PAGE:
InThe Legacies of Literacy: Continuities and Contradictions in Western Culture and Society, Harvey Graff points out that “virtually all” discussions of literacy “founder because they slight efforts to formulate consistent and realisticdefinitions of literacy, have little appreciation of theconceptual complicationsthat the subject presents, and ignore the vital role ofsociohistorical context.”¹ Yet within the mainstream of literacy studies, the issue has been less to define literacy than to establish a standard or norm for the application of an existing definition, which corresponds to the lay understanding of literacy as “the ability to use reading and writing”...

    • 3 Indigenous Histories and Archival Media in the Early Modern Great Lakes (pp. 99-138)
      Heidi Bohaker

      For historians seeking to understand indigenous responses to colonialism in early America, or indigenous histories more broadly, the necessity of relying exclusively on sources authored by colonists has proved a frustrating limitation. In recent decades, scholars have thought carefully about the reliability of European-authored sources for the writing of indigenous histories. These researchers have integrated methodologies from comparative literature and history to understand their sources as constructions of European imaginations and discursive practices.¹ Few have arrived at so extreme a conclusion as literary critic Stephen Greenblatt, who argues in his study of the Columbian voyages that the lens through which...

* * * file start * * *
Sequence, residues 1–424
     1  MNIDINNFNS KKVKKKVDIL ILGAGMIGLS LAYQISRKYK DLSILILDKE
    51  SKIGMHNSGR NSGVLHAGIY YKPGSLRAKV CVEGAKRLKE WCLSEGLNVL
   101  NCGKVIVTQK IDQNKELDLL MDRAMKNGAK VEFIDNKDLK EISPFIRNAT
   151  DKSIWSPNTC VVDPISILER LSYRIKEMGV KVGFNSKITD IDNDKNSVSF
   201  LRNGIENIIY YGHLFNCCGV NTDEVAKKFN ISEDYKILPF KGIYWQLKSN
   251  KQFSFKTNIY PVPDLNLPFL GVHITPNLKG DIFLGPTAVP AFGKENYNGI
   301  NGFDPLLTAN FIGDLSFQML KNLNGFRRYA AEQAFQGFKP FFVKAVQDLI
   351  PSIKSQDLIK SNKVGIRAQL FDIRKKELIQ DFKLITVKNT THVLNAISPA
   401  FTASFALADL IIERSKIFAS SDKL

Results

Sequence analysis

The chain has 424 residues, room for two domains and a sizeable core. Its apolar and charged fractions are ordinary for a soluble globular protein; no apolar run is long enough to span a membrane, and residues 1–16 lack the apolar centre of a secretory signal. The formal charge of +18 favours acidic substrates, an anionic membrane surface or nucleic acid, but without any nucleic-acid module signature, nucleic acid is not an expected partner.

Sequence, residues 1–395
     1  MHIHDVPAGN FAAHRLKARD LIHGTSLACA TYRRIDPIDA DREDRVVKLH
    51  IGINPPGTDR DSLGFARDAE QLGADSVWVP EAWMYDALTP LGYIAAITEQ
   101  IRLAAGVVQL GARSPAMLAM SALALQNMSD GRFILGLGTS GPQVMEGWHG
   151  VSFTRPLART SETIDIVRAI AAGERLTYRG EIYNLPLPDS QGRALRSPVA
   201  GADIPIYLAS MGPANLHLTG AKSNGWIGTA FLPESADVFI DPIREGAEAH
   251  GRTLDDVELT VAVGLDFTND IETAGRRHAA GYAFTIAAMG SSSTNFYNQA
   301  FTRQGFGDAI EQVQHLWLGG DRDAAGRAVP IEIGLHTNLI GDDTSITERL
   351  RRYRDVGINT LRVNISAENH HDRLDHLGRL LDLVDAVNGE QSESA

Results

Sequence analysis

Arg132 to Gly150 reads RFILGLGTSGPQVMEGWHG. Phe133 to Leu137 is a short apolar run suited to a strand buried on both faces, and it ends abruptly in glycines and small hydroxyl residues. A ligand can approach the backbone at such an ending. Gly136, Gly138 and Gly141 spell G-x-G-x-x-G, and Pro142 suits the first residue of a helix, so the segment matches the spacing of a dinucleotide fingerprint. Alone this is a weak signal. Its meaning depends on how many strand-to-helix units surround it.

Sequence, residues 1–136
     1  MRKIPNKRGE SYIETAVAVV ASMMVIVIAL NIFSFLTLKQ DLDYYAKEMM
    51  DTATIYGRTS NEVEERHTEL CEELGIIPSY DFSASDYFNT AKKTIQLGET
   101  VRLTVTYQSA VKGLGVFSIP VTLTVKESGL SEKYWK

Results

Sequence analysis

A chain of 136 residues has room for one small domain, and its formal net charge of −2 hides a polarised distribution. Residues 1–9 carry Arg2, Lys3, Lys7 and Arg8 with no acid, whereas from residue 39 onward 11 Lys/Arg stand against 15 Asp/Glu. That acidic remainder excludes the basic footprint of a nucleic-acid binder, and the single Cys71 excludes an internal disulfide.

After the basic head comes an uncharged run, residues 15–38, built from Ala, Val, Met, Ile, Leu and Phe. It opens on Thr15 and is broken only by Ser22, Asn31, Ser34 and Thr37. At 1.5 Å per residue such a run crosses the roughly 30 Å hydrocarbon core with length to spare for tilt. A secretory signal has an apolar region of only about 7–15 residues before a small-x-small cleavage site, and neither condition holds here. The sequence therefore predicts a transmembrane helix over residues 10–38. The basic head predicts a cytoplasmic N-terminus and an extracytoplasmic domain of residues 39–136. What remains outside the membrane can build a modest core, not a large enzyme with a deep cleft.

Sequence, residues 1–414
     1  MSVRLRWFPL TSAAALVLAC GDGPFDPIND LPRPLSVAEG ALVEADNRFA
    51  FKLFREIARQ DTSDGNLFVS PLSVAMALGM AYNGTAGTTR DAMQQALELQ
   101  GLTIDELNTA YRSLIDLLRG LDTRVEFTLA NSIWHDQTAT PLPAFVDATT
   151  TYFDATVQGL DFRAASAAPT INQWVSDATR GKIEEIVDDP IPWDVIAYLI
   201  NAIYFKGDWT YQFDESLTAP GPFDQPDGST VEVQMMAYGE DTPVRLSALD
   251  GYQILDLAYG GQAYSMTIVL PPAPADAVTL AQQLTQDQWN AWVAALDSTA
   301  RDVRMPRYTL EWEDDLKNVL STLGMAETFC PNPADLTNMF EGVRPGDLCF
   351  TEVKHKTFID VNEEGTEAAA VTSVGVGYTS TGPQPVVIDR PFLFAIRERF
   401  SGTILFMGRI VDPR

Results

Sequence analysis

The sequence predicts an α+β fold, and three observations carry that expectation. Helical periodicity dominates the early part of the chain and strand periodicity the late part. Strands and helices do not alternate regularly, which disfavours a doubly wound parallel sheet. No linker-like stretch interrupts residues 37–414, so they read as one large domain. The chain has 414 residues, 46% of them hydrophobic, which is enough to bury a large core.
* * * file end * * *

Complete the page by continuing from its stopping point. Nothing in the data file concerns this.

• 4 The Manuscript, the Quipu, and the Early American Book: DON FELIPE GUAMAN POMA DE AYALA’S NUEVA CORÓNICA Y BUEN GOBIERNO (pp. 141-165)
      Birgit Brander Rasmussen

      In 1613, a Native American from the Andes who called himself Don Felipe Guaman Poma de Ayala finished a 1,189-page manuscript titledNueva corónica y buen gobierno.¹ Addressed to King Phillip III of Spain, this text represents an immensely ambitious effort to address colonial Spain by an indigenous American writer who lived through the aftermath of conquest. It has long been a centerpiece of colonial Latin American studies, although there are no full translations that would make Guaman Poma accessible to an anglophone audience.² This unique book also deserves the attention of scholars of colonialism, American literature, and American book...

    • 5 Semiotics, Aesthetics, and the Quechua Concept of Quilca (pp. 166-202)
      Galen Brokaw

      European societies have always seen writing as an important indicator of “civilization.” Even today, many scholars seem to feel compelled to pronounce on whether or not the cultures they study possessed a form of writing. One could argue on a number of different grounds that such statements are inaccurate, but disagreements of this kind ultimately come down to how one defines writing. The problem with pronouncements about the absence of writing is not that they are incorrect but rather that the terms and conditions that make them correct are determined by a sociocultural, political, and historical context that is incompatible...

      Gordon M. Sayre

      Southwestern humor, including the tall tale, emerged into U.S. literary history in the Jacksonian period, as white anglophone backsettlers gained political influence among East Coast metropolitans. It reached canonical status, of course, with Mark Twain, whose pen name came from his career on the Mississippi, the conduit of regional commerce and the home waters for the tall tale. In researching the history and literature of eighteenth-century Louisiana, I have found evidence that the Mississippi tall tale has French origins that long precede Anglo-American literature in the region. In this essay I offer two tales that might satisfy such a search...

    • 7 Brave New Worlds: THE FIRST CENTURY OF INDIAN-ENGLISH ENCOUNTERS (pp. 233-265)
      Peter Charles Hoffer